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Must say I am a bit puzzled. It includes quite a few of the obvious, but like Danasgoodstuff says, it is all too Blue Note-centric (and BN from a specific period at that). Nothing against that - some of those deserve a rating if such a list would make sense AT ALL, but how anybody can establish an "of all times" list if the very starting point is (by his own admission) a very narrow one due to lack of exposure to what's beyond that (and there is PLENTY) is purely beyond me. Jazz definitely is more than hard bop and a bit of token styles around that. And then, some of those entries appear to be a bit based on hearsay and what is "supposed" to be considered great. Domnérus et al's "Jazz pa Stampen" as the sole entry of "Eurojazz" among the "alltime greats"? Oh come on ... It's nice enough but I'd rather consider it  "pleasant" all round, but not sensational. Definitely good enough to make it onto quite a few people's desert island lists, but beyond that? And I doubt even more so that any latter-day work by any of the bigger names would make it fairly far up into such a list if OBJECTIVE criteria (such as the stylistically definite of influential or even groundbreaking character of the music, for example) were applied - to the extent possible at all. And finally, with all due respect, 10 Hank Mobleys among the "Top 100" is just plain ridiculous in any such "all time great" list. This is wildly skewed and out of all proportion.

So I really am at a loss as to what this list is out to accomplish. Quite apart from the fact that once you get into reissues from the pre-LP era (such as the Fats Navarro and Lester Young KC sides included a bit up the list - not items I'd dispute, BTW, if you have to narrow down your choices somewhat), you'd have to go ALL the way to cover the pre-LP era, otherwise there never will be any such thing as an "of all times" list if THIS is omitted.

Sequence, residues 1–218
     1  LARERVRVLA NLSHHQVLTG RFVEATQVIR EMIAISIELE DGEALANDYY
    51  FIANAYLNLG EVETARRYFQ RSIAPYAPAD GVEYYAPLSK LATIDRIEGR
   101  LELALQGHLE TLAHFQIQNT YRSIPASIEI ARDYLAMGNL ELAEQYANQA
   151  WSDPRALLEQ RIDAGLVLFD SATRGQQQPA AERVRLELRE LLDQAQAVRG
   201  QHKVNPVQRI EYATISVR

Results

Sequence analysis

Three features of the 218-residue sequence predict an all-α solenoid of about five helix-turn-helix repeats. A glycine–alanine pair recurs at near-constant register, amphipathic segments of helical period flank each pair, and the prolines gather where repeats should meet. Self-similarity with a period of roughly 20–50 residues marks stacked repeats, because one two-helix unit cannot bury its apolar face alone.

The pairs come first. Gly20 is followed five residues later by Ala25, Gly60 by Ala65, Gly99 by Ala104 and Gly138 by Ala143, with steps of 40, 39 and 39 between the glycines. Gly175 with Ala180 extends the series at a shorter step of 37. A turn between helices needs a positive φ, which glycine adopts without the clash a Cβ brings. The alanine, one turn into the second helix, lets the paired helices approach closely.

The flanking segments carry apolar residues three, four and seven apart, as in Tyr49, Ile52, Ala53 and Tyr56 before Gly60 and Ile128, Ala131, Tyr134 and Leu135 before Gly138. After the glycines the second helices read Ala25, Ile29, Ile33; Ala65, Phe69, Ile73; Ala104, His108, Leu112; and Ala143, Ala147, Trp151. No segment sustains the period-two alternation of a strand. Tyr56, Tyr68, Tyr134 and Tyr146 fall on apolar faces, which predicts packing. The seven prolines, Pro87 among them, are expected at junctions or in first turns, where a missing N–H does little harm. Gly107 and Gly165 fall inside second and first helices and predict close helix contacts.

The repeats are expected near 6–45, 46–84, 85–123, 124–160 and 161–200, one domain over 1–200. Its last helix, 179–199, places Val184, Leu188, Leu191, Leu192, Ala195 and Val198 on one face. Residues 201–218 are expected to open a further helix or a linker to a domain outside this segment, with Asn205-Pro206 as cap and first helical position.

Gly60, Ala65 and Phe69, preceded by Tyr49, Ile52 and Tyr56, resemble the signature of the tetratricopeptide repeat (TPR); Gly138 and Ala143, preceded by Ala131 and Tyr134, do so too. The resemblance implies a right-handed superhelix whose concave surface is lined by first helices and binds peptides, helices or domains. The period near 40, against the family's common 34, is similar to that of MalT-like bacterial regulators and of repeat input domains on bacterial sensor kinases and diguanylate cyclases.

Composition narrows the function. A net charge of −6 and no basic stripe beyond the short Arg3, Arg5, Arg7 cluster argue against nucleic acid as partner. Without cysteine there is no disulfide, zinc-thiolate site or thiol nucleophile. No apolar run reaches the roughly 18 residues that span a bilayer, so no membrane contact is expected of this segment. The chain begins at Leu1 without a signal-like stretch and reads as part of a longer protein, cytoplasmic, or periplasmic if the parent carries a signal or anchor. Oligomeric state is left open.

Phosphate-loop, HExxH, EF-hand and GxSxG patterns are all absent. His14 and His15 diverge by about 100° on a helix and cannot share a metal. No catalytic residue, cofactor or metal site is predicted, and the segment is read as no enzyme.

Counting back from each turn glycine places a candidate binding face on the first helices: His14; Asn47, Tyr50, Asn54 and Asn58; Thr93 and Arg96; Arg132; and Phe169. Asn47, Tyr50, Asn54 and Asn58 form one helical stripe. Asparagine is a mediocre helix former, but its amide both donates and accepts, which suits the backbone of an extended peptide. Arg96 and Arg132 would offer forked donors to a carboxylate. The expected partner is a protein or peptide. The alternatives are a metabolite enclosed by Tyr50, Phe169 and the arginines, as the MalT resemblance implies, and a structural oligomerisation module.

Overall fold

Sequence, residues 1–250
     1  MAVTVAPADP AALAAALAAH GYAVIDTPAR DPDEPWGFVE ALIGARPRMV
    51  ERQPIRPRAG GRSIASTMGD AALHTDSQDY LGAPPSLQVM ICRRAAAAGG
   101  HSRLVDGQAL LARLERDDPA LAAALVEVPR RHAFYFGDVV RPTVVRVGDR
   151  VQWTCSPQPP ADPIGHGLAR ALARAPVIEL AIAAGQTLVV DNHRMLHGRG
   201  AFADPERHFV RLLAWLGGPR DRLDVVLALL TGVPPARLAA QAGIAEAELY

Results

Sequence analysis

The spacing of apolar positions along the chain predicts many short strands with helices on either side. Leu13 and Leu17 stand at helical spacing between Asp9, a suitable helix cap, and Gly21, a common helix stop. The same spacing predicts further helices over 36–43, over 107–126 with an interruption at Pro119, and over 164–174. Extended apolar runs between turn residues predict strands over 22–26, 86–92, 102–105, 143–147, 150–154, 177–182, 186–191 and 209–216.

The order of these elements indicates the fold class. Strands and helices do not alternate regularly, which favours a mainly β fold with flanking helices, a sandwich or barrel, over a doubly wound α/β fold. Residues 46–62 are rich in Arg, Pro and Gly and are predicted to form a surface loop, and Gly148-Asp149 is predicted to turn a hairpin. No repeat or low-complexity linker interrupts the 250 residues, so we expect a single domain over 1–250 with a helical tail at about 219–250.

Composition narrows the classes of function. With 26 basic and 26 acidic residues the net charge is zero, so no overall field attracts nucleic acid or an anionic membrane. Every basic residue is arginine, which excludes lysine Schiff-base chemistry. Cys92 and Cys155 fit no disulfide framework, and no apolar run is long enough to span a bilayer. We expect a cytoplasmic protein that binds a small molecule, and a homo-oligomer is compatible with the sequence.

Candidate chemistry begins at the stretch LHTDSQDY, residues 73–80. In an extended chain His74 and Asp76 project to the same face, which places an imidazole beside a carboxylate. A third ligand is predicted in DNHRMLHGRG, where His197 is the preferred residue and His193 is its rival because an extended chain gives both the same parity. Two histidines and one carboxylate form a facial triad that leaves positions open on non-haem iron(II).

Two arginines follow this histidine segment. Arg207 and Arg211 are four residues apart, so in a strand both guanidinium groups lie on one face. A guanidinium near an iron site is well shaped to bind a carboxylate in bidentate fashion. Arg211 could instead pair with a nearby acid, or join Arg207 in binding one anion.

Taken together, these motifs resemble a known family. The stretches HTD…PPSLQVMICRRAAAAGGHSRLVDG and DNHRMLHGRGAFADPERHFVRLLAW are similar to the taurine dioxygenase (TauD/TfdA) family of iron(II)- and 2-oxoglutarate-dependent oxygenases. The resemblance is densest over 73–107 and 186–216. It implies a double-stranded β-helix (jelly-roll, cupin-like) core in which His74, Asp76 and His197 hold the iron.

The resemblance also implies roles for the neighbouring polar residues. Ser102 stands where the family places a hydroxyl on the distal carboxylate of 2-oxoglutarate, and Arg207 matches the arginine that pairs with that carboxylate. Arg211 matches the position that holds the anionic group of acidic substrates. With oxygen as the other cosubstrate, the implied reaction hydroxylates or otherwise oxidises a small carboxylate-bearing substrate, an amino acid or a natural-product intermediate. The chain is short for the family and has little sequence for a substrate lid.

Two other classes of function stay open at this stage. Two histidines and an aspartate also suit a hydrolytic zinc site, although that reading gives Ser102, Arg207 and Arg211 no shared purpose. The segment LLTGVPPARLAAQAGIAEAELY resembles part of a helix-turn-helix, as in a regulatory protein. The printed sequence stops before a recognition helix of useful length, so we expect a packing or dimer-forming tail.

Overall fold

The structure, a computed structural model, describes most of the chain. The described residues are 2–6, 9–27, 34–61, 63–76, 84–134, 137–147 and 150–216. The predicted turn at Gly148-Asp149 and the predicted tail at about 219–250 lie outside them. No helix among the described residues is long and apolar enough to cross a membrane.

Edited by Big Beat Steve

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15 hours ago, GA Russell said:

Thanks, Joshua.  I'll take a look.  AMG is my usual place for album covers.

I saw that you added a few choices and I went ahead and added the information and pictures for them. Thanks for contributing! 

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Blues in Orbit seems an odd choice for one of the very rare Ellington albums on the list. I would probably have chosen "Such Sweet Thunder" instead, and where's the Basie?  Decca's Basies should be toward the top.

 

gregmo

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14 hours ago, joshuakennedy said:

I saw that you added a few choices and I went ahead and added the information and pictures for them. Thanks for contributing! 

Thanks!

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Ok, let me be "that guy" - what is Ranker, and why?

Sorry, I'm old.

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21 hours ago, johnblitweiler said:

Lots of my favorites are far from great.

same.

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On 7/28/2016 at 7:13 AM, JSngry said:

Ok, let me be "that guy" - what is Ranker, and why?

Sorry, I'm old.